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I ANATOMY                

 

II PHYSIOLOGY OF EYE MOVEMENTS  

III CLINICAL EXAMINATION

IV FIXATION INSTABILITY   

VI VESTIBULAR SYSTEM  

 VII CEREBELLAR EYE   MOVEMENTS 

VIII VISUAL FIELDS, PUPIL & THE EYE

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Supranuclear Gaze. Professor A Moodley, NASA Neurology Registrar Weekend, 2019

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The abducens nucleus, located in the pontine tegmentum, contains motor neurons that innervate the ipsilateral lateral rectus and interneurons which decussate in the MLF, and innervate the contralateral medial rectus subnucleus.  Abducens nucleus involvement can be distinguished from abducens nerve injury in that the former produces a gaze palsy to the side of the lesion, whereas the latter produces only a lateral rectus palsy.  Note that this gaze palsy cannot be overcome by oculocephalic or caloric stimulation, as opposed to supranuclear lesions, or lesions of the PPRF.  This suggests that the abducens nucleus is a central integrating final common pathway for horizontal eye movements and that that the vestibular nuclei send excitatory projections to this site.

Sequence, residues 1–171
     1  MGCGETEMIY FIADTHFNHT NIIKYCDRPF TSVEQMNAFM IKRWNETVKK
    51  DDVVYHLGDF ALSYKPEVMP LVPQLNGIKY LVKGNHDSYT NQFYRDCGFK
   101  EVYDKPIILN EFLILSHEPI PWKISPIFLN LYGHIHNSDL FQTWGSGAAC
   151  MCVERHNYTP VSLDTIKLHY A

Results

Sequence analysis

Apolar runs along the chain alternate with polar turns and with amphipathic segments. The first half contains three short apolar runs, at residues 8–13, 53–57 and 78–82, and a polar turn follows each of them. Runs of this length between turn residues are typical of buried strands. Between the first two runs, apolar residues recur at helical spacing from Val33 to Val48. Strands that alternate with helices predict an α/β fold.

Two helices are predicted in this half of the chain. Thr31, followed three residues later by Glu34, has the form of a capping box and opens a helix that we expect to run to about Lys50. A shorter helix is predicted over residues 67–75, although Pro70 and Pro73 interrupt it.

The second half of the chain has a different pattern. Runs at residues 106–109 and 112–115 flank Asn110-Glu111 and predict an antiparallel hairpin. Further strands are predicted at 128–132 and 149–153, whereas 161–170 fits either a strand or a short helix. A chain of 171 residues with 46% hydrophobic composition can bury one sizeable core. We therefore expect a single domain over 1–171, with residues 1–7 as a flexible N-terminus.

Involvement of oculomotor control pathways above the level of the abducens nucleus for horizontal eye movements, and above the level of structures for vertical eye movements (cranial nerves III and IV, and the interstitial nucleus of Cajal (INC) in the dorsal midbrain) may produce supranuclear deficits.
Often, such ocular motor disturbances are associated with other neurological deficits, so that the ‘overlap’ of the neurological findings allows location of the level of the lesion in the brainstem region as well as the side. STR 14

Supranuclear ocular motor disturbances usually impair the movement of both eyes, for example, in the form of:

Supranuclear deficits can be distinguished from nuclear insults by the preservation of oculocephalic responses.  Nuclear insults render vestibular ocular reflexes (VOR) dysfunctional, since the final common pathway for vestibular-induced eye movement is controlled by neurons in the respective cranial nerve nuclei and in the INC.